So while women typically cook everyday food (that’s what happens when one cooks every day), men cook spectacular showstoppers. Show me a man who cooks yellow dal and lauki sabzi and I will show you a null set. Men cook things that have meat and fat and sizzle and sex appeal. Men cook to wow. There’s always a liberal use of alcohol, and sometimes it is even added to the food. There is blazing fire involved, there’s a lot of grilling and flambéing and blow torching. There are knives. There are always knives. And while it’s true that knives have proved indispensable to everyone, regardless of gender, while negotiating the home kitchen, women don’t have the same relationship with knives that men do.

Dessert usually is a last ditch attempt to add to the blood alcohol level of the guests and the cook, and also to try set fire to something.

So an entire set of chef knives is always bought, before men even start boiling water. These will be sharp enough to be able to make carpaccio out of shoe leather, but Kanta Bai will never be allowed to use them for slicing baingan for fear she will destroy them. This obsession with gadgets spills over into everything – while women may have routinely used a belan (or in my case, anything handy, from a beer can to the flat of my wrist) to smash garlic, men will buy 22 garlic presses over a five-year period. They will spend roughly three man hours talking about the technical superiority of the latest one, which costs the equivalent of the annual salary of POTUS and occupies as much space as Air Force One in the kitchen drawers, before deciding in the sixth year and announcing loudly at every occasion including Uncle Mehra’s chautha gathering that a belan is best for smashing garlic, after all. Similarly other gadgets will be bought and stockpiled in the event of a culinary emergency – micro-plane zesters, melon ballers, butter curlers, olive pitters, mandolins, pasta makers, spice grinders, and everything else without which, we all know, it is laughable to think of making even a khichri.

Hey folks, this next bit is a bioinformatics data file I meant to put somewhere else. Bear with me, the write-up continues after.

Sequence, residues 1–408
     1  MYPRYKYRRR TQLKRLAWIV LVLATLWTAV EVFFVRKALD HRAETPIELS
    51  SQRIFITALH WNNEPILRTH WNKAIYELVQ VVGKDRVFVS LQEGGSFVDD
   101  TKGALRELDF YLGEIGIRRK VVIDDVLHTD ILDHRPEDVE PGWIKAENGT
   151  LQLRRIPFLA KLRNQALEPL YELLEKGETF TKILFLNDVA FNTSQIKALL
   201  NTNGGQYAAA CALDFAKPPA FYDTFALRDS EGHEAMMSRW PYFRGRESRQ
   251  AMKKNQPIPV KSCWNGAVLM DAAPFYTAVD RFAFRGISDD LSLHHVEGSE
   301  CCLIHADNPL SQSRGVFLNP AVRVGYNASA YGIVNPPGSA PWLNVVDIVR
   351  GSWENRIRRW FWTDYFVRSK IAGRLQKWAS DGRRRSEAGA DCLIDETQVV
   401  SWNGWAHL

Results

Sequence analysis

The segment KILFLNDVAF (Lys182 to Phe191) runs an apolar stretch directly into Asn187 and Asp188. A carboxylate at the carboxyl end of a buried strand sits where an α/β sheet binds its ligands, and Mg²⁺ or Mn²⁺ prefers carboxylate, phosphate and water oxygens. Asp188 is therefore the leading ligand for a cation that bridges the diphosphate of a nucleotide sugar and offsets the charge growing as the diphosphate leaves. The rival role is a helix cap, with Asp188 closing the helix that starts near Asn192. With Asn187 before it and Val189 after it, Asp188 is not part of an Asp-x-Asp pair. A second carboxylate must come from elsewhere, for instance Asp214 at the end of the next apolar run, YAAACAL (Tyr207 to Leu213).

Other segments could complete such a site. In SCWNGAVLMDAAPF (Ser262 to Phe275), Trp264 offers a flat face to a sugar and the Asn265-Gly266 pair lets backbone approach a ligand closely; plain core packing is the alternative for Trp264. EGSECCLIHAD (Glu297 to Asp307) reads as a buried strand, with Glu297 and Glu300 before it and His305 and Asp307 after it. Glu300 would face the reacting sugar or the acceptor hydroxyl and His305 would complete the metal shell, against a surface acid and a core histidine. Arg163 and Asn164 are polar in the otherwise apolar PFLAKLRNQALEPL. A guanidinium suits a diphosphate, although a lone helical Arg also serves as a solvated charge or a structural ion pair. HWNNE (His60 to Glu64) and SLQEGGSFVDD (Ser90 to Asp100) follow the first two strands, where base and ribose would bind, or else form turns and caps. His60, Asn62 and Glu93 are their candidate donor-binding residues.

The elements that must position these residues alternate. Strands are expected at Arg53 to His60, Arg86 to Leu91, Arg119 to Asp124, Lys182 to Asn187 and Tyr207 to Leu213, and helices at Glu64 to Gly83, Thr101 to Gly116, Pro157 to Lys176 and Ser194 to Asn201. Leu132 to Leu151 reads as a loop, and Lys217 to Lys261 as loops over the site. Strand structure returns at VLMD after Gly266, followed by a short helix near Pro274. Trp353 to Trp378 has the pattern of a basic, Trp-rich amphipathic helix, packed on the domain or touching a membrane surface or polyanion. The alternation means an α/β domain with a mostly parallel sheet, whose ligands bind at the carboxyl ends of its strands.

Gentlemen cooks are well read cooks – the average cookbooks-bought-to-dishes-ever-tried ratio is 4:1, i.e. four recipe books to one dish tried. But most men know better than most cookbook authors and so rarely need to follow recipes anyway, they fly by the seat of their “men who cook make great lovers” aprons. When the meal or the dish goes wrong, a lot of wine is reduced in an attempt to rescue it – the reduction coming by way of large gulps straight from the bottle while cursing fluently and loudly.